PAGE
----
Why do we have a skilled intake again? To lengthen the dole queue? To rob developing nations of their skilled workers? And how exactly is the 130,000 strong skilled migrant program alleviating so-called skills shortages?

Australia’s skilled migration program is one giant fraud that is failing miserably to meet its original intent, while crush-loading Sydney and Melbourne and wrecking liveability.

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Comments

  1. reusachtigeMEMBER

    Oh those curries are little scammers now aren’t they! The girls at the parlour tell me that they are really hairy too and it all gets in knots with the oil during the massage stage.

  2. boomengineeringMEMBER

    More money to be made charging the 457’s to enter the country then closing the business down. So we have Aussie workers laid off to make room for the 457’s and 457’s also without work.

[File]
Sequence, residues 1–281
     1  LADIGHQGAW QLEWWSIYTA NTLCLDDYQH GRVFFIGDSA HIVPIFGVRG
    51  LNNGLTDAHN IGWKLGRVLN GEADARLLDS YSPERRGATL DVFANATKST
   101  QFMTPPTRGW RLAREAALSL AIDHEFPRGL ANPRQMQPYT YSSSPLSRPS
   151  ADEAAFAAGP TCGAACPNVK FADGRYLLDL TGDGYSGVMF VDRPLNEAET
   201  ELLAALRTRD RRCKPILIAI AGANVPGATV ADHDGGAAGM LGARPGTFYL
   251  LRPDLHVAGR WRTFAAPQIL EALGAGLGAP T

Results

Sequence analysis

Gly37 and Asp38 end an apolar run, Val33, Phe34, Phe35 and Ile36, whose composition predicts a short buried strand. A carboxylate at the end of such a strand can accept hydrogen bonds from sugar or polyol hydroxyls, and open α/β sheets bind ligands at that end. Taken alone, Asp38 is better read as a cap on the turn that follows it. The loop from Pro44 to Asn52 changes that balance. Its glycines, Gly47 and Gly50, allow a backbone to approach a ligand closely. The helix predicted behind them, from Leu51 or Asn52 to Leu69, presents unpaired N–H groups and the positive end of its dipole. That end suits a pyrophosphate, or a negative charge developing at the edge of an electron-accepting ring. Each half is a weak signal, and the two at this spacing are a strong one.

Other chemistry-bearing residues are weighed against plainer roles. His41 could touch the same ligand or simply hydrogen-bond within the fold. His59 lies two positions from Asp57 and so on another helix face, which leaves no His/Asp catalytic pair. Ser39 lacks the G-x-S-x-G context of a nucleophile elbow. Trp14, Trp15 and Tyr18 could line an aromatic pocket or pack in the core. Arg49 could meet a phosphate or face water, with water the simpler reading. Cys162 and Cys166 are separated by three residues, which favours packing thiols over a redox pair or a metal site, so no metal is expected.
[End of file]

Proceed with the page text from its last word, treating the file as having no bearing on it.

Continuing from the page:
.( happening a lot at the Central Coast)

  3. Lenny Hayes for PMMEMBER

    The international student space is a bit of a laugh for Tassie as well. A large chunk are enrolling in Uni and RTO to access cheaper courses and lower visa vetting but utilise “on-line” options as much as possible while living in Melbourne and occasionally flying down to tick off minimum course requirements.

  4. kiwikarynMEMBER

    My Indian neighbours lasted exactly one year living in my regional town, before packing up and departing for Auckland. Happens everywhere.

    • SchillersMEMBER

      To Auckland…from where they will attain New Zealand residency… and an automatic permanent residency visa back to…
      AUSTRALIA.

  5. So we are building up the future tax base, population wise, but decreasing the average earnings of each tax payer (due to migrants taking low skilled and low paying roles).